Knowing that the election outcome would affect bilateral relations, Beijing had a preference. Its ambassador to Seoul met with senior party officials, including a presidential candidate in a kind of interference in domestic affairs, since it is unusual for a sitting ambassador to be engaged in such diplomatic activities or public exposure. Another type of interference is in law-enforcement and legal processes that can be translated into obstruction of justice The Chinese government, through a high diplomatic channel and behind the scenes, asked the South Korea government to apply special consideration and treatment (exemption from normal legal procedures and release) to the Chinese students who were arrested for violence in the torch parade of 2008. Similar behavior occurred in law-enforcement activities against illegal fishing by Chinese fishing boats.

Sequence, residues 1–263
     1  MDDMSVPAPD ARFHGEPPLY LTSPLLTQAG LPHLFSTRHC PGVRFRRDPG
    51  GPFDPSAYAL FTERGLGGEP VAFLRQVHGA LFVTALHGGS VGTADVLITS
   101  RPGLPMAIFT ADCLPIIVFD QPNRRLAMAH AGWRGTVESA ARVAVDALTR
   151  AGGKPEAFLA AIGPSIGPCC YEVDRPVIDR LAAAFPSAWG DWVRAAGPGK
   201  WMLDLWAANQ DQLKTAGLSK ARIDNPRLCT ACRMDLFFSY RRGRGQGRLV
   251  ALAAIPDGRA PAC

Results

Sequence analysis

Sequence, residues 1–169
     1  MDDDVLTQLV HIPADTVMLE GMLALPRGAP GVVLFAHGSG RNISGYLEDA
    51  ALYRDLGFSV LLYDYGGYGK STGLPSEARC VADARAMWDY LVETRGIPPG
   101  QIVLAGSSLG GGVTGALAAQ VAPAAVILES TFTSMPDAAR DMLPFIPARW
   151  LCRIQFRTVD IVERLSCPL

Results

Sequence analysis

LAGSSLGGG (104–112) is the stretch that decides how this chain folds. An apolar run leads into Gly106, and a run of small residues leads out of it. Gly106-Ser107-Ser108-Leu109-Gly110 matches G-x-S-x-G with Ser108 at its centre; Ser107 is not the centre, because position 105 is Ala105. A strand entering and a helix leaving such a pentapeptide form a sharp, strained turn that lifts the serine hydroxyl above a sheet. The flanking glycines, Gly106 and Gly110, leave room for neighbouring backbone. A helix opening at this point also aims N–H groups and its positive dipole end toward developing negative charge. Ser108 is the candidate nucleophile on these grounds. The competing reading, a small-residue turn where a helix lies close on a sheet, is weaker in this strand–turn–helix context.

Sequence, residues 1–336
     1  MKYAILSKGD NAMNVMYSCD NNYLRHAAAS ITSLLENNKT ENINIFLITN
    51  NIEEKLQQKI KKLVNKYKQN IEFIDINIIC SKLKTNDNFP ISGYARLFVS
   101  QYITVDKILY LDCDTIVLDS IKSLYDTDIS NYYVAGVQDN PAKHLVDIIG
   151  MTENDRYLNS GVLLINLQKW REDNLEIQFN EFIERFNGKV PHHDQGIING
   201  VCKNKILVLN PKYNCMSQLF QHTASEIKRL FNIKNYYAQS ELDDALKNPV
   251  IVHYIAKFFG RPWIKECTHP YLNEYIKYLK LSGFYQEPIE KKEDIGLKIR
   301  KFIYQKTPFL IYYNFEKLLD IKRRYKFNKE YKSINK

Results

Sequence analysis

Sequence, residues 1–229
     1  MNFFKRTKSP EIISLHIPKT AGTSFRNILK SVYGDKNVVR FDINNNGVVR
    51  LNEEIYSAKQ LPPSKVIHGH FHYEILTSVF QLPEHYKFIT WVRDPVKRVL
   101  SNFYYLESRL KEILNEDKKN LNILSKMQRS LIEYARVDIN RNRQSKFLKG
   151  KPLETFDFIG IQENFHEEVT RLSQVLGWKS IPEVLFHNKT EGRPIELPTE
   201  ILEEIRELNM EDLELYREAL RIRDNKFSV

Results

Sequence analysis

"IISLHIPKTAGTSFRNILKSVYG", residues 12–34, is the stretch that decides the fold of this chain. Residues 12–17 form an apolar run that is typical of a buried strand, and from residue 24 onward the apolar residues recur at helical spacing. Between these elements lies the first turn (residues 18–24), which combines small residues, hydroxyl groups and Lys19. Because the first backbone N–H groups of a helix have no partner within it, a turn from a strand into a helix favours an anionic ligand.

Choi particularly emphasizes Chinese retaliation since the THAAD dispute erupted. It is quite difficult to have Chinese experts join academic events in South Korea. China experts from South Korea are generally very careful in their work not to provoke China since they are afraid of the possibility that Chinese authorities will deny them a visa to China or limit their access to potential interviewees. The authorities are trying to have more pro-China voices in South Korea by providing various kinds of support, which puts more South Korean think-tanks and people in academia under Chinese influence. China has been trying to find and strengthen pro-Chinese groups in various fields, mostly in academia and the media. It has used various tools including financial support. They are the main target of Chinese public diplomacy. Many appear to be sympathetic to China and argue that South Korea needs to understand China’s foreign policy in general and China’s position on specific issues, i.e., lack of understanding of China’s intentions is the main source of the problem.